Validation of Public Cloud Infrastructure: Satisfying FDA Requirements While Balancing Risk Vs. Reward

By Bruce Maches

August 3, 2010

In a prior post I provided an overview of the 21 CFR Part 11 validation guidelines and the impact of these requirements on the validation of public cloud infrastructure services. The main thrust of that post was discussing how current industry validation practices are a potential impediment to the full-scale adoption of cloud computing in the life sciences. Especially in regards to the use of public cloud infrastructure related services for applications coming under Part 11 guidelines. See my May 5th post for additional background. I have received some feedback on potential approaches to validating public cloud based applications and thought I would provide some additional thoughts here.

The key word here is trust – if I am an FDA auditor how do I know I can trust the installation, operation and output of a particular system? The actual Part 11 compliance process for any application includes the hardware, software, operational environment and support processes for the system itself. This allows an IT group to answer the questions:

Can I prove the entire system (hardware, software) was installed correctly?

Can I prove the system is operating correctly?

Can I prove the system is performing correctly to meet the user requirements as stated in the Design Qualification documents?

Can I prove that the system environment is properly maintained by people with the requisite skills and that all changes are being properly documented?

The validation of public cloud offerings revolves primarily around the first and last question above. How do I ensure that the overall environment was designed, implemented and maintained per Part 11 guidelines? If a life science company wanted to leverage public cloud computing for validated applications it would have to take a hard look at the risks vs. rewards and develop a strategy for managing those risks while ensuring that the advantages of leveraging public cloud could can still be realized.

There are several steps a company can take to start down this path. The initial step would be to develop an internal strategy and supporting processes for how the organization is planning to meet Installation and Operational Qualification (IQ & OQ) portions of the Part 11 guidelines in a cloud environment. The strategy would be incorporated into the overall Validation Master Plan (VMP). This plan is the first stop for any auditor as it spells out the organizations overall validation strategy as to what systems will require validation and how that will be performed. For validating public cloud the VMP would need to address at a minimum such topics as:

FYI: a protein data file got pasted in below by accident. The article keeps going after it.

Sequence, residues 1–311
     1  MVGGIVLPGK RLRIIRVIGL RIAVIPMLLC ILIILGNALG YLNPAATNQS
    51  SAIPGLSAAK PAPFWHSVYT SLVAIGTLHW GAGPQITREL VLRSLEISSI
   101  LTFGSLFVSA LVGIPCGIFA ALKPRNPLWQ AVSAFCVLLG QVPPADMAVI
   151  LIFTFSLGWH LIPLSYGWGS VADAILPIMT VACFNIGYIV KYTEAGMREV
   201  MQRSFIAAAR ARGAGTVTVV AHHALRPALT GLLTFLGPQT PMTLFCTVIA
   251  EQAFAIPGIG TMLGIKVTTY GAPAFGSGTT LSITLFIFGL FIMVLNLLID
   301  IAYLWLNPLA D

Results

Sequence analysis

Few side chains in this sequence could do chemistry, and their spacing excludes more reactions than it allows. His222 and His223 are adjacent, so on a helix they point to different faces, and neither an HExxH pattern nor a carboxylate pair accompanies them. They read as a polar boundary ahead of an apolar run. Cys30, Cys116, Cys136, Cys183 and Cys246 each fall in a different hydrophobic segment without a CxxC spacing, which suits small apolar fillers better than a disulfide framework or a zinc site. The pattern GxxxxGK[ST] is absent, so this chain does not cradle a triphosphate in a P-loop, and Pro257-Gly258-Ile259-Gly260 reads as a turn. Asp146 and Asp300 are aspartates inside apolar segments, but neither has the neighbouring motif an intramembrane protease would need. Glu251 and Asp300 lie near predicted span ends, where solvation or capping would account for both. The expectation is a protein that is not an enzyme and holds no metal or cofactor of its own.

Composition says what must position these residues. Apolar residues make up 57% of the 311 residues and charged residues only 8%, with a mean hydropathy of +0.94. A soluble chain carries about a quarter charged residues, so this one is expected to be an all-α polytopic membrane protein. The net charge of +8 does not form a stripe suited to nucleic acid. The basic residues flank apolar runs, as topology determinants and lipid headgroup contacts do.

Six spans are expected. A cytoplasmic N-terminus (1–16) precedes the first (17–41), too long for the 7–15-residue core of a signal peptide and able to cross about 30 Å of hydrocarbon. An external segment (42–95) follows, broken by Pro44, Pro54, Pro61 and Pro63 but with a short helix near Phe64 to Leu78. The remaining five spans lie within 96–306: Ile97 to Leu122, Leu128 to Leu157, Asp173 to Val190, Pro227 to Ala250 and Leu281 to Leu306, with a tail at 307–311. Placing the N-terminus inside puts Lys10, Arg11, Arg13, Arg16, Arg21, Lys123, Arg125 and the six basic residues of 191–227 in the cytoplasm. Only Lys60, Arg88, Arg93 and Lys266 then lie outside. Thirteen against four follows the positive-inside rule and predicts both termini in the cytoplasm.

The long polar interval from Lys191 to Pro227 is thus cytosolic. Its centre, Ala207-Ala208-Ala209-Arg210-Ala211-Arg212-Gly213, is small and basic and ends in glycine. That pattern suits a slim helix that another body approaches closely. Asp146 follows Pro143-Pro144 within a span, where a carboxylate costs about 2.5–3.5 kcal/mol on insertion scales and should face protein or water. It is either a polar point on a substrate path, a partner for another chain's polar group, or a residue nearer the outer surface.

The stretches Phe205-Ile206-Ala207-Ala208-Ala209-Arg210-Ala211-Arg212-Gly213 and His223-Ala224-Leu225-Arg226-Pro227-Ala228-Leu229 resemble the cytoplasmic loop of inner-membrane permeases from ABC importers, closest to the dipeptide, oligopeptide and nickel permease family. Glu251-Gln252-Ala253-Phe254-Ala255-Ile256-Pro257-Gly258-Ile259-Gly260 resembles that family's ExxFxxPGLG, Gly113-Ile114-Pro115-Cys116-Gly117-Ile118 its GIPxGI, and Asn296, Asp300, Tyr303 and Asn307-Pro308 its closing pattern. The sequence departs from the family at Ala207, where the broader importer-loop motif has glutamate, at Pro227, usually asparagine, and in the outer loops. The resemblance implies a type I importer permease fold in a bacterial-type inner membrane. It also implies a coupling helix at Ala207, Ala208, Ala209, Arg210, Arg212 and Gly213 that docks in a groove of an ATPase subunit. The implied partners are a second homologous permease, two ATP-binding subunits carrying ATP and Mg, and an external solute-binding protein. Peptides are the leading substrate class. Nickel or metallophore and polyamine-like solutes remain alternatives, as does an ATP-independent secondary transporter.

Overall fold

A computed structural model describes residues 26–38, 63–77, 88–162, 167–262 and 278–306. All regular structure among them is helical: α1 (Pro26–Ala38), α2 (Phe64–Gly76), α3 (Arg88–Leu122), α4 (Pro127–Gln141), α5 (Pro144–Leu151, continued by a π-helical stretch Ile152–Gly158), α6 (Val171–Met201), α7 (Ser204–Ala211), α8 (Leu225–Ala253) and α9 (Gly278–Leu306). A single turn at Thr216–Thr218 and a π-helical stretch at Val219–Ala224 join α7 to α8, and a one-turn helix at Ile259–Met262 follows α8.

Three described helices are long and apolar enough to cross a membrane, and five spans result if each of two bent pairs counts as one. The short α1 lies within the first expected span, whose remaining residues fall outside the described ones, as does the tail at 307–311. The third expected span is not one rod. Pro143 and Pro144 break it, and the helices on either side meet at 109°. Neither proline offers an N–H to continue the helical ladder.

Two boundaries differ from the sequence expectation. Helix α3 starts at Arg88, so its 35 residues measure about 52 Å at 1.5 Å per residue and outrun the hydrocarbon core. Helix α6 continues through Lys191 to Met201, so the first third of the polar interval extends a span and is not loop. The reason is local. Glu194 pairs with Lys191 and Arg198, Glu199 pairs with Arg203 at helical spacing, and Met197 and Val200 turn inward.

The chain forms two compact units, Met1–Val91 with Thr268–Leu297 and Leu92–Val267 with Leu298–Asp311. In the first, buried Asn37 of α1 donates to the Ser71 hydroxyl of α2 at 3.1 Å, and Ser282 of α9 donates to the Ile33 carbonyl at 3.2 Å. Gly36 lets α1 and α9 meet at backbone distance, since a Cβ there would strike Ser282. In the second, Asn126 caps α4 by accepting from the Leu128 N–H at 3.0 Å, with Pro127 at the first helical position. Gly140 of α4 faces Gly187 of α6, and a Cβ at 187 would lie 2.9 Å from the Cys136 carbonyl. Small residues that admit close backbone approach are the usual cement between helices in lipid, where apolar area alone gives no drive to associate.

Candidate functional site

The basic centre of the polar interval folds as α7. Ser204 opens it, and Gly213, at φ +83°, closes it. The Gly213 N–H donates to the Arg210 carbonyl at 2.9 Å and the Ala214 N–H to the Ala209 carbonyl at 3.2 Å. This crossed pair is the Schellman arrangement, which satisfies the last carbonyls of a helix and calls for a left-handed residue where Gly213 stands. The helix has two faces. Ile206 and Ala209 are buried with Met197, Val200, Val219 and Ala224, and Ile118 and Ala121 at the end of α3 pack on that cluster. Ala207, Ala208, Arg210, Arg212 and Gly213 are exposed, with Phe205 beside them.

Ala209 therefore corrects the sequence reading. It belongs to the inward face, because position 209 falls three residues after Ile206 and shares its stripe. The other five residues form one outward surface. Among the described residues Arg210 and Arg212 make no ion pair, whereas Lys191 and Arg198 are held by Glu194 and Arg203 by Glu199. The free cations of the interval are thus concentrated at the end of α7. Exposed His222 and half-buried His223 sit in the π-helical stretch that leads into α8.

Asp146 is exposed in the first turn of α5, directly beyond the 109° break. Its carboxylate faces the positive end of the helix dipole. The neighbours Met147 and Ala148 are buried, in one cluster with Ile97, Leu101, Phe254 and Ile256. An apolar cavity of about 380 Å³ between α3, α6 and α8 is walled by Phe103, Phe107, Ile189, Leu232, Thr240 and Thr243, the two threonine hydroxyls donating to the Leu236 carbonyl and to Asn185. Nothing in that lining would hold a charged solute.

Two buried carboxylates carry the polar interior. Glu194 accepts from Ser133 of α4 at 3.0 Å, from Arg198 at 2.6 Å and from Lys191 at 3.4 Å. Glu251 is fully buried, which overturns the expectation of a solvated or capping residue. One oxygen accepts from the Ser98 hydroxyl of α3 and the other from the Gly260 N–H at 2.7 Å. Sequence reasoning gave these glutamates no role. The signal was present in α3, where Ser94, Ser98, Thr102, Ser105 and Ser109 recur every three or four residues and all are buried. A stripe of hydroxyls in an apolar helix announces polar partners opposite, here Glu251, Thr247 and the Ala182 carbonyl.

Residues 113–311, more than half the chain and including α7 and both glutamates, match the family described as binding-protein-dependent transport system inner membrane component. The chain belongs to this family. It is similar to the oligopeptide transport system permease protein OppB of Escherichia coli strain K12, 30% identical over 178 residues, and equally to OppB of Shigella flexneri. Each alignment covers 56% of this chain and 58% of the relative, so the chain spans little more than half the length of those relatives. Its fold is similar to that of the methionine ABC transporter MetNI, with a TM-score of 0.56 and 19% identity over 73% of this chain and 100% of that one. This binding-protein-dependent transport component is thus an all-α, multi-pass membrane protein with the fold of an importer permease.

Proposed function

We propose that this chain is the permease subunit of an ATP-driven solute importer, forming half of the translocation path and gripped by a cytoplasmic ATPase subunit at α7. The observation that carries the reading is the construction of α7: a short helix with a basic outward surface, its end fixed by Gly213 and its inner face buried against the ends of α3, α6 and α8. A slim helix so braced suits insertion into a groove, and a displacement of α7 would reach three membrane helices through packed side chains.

– The actual hardware (IQ) piece, since a server serial number is not available what documentation of the system physical and operating environment is acceptable?

– What level of data center (i.e. SAS 70 Level II) is approved for use by the organization for public cloud applications and how is that certification proven?

– What documentation can the cloud vendor provide describing how they developed and implemented the data center environment?

– What training and certification documents are available for the vendor personnel who will be managing/maintaining the environment?

– How detailed and accurate are the vendors change management records and processes?

Any organization creating this type of a strategy would have to assess its appetite for potential risk and balance that against the gains and cost savings that are a part of the promise of cloud computing. There are no hard and fast rules on how this can be done as every organization is unique.

Another piece of the puzzle is with the OS and associated software being deployed. This portion of the environment can be easily validated with a documented IQ and a pre-qualified image built. This image can then be loaded up into the cloud as needed and used over and over again. A company can build a whole library of the pre-validated images and have them available for quick deployment which drastically cuts down the time it takes to bring a new environment on-line. There are a number of vendors who are building these pre-qualified images that provide choices in the OS (Windows, Linux) databases, and other portions of the software environment.

As I have mentioned in several prior posts the possibilities for leveraging cloud computing in the life sciences are potentially enormous. From speeding up drug research and discovery, allowing for the rapid deployment of new systems, providing the needed compute power required by resource hungry scientific applications, to cutting costs and migrating legacy applications into the cloud there are a myriad of ways that life science CIO’s can leverage cloud environments, both public and private. As with any change, part of the CIO’s responsibility is to make sure that the organization has a clear and well thought out strategy for incorporating cloud computing into its overall IT strategic direction
 

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